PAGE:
Physician Groups, Clinics Will Continue To Battle Administrative & Financial Burdens in 2019
January 17, 2019
An unsettled healthcare landscape continues to pose administrative challenges for independent physican groups and clinics. Two issues in particular, administrative burdens and revenue collection, are likely to present problems well into 2019 and beyond.
Each is problematic because of staff and physician time taken away from actual patient care, which in turn reduces billable hours, which affects overall revenue and practice or clinic health. Payer interaction in particular is an ongoing nightmare for practices, which were spending $82,975 per year on this task according to a 2011 study published in Health Affairs—a figure that has continued to rise. The same report said that American physicians are spending an average of 8.7 hours a week, more than a full workday, on administrative chores. In addition to fewer patients, such labor affects job satisfaction and can spur turnover. From a different angle, that’s 20 percent of the workday spent on prior authorizations, EHR data entry and non-clinical paperwork, totaling at least $50,000 in lost revenue per year, according to the Physicians Foundation.
The Toll of Uncompensated Tasks
Uncompensated tasks are a fact of life in any business, and physicians know that. Still, as much as doctors don’t like administrative work, they really don’t like bill collecting, which means that task falls to others in the practice—often requiring a dedicated staff member if past-due accounts climb—and added staff equals more payroll. This is happening more as higher patient co-pays and deductibles are part of the post-Affordable Care Act landscape, thanks to Bronze, or lowest-premium plans, that can be purchased on the exchanges or are provided by employers, that offer comprehensive care but come with individual deductibles that can top $6,000 per year alongside family plans that can top out at more than $13,000 per year. According to a National Public Radio report in 2014, higher-deductible plans played a role in a 14 percent rise in bad debt between 2008 and 2014 for multispecialty groups. Hospitals aren’t immune either; a J.P. Morgan report from that same time period said that bad debt from insured patients was growing 30 percent annually for some providers.
Many healthcare analysts will argue that the overall savings afforded by deductible-free preventative care and wellness visits, such as immunizations and annual physicals, offset those up-front costs because patients are seeing their doctors more frequently and thus are taking better care of themselves. That may be true, and could even be helping overall practice or clinic revenue, but those entities are still left with more outstanding accounts than they may have seen when more insurance plans were built around flat copays and lower deductibles alongside preexisting condition and other exclusions.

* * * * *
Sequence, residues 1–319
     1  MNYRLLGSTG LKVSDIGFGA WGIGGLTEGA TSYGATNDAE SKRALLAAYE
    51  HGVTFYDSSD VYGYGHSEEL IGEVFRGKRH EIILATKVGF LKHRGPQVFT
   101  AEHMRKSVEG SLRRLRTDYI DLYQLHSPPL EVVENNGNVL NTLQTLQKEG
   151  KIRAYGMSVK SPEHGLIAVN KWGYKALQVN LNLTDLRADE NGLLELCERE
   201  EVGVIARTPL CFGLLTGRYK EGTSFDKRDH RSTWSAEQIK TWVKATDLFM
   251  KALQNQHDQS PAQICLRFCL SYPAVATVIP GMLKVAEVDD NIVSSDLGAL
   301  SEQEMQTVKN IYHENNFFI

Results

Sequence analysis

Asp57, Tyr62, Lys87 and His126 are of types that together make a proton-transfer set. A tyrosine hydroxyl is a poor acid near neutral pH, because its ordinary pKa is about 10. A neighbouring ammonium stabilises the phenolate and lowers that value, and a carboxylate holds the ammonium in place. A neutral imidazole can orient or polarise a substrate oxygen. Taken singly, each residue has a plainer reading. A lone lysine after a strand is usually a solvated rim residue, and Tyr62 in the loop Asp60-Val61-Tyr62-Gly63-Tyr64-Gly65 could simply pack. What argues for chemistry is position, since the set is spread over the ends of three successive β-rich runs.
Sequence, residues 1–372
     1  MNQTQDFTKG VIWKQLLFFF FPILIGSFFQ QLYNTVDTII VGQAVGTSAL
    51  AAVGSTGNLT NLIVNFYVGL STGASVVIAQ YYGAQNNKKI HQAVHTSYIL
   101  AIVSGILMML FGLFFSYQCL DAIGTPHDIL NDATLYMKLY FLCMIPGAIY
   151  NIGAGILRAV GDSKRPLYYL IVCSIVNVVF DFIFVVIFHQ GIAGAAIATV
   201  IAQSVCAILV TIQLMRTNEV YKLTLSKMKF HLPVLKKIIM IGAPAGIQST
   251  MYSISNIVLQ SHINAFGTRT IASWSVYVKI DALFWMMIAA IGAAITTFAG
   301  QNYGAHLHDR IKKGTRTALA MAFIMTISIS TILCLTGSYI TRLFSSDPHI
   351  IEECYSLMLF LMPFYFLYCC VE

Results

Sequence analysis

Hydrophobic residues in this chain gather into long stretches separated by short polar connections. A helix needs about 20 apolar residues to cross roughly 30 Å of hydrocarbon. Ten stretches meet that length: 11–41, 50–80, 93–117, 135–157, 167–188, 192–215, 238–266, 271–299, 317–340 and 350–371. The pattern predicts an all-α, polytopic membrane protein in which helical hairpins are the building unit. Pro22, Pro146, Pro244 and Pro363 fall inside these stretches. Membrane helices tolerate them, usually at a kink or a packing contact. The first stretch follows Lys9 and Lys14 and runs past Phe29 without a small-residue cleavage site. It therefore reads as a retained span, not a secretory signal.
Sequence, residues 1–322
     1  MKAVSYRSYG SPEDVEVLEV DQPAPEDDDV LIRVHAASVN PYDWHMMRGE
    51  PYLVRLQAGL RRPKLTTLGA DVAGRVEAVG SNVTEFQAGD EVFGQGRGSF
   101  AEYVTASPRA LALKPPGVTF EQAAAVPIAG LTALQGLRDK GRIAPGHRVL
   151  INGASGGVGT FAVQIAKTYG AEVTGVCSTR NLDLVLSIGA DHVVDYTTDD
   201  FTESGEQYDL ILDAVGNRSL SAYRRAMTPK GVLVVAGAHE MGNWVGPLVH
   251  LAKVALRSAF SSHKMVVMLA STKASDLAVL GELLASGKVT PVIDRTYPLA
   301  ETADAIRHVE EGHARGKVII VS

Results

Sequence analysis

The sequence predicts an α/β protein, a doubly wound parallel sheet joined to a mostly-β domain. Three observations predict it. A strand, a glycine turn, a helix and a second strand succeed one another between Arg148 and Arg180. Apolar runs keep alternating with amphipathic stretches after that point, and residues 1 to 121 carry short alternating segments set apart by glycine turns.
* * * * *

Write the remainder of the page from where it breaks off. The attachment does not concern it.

Can Tech Help Ease the Back-Office Burden?
Bad debt and paperwork aren’t going to go away, so it falls to self-run physician groups and clinics to find their own solutions. Many are doing just that by exploring what the latest technology has to offer, especially around streamlining administrative processes. For example, software packages for more thorough physician credentialing are helping cut down on denials and slow-pay issues from insurers. Practices and groups also are paying more attention to compliance and making sure that they are following the latest rules, directives, and regulations, whether from the Centers for Medicare & Medicaid Services or a commercial payer.
On the financial front, enhanced automated systems for payments can quickly verity insurance eligibility as well as confirm care authorizations and inform the practice of co-pay and deductible levels so the patient can sign off on those, and provide at least some up-front payment, before the care process begins.
That insistence on up-front payment can be softened by more patient-friendly billing statements as well as continual communication with patients by way of education and counseling around the cost associated with healthcare. Many practices and clinics have also added a pharmaceutical component to this challenge, helping patients with financial burdens to access necessary medications. Such efforts can result in a far more relaxed interaction between patients and care providers, something that will be important as HCAHPS assessments and scoring continue to move out of the hospital setting and into freestanding ERs, clinics and practices. As with hospitals, those scores will dramatically affect CMS reimbursement, and thus the practice or clinic bottom line.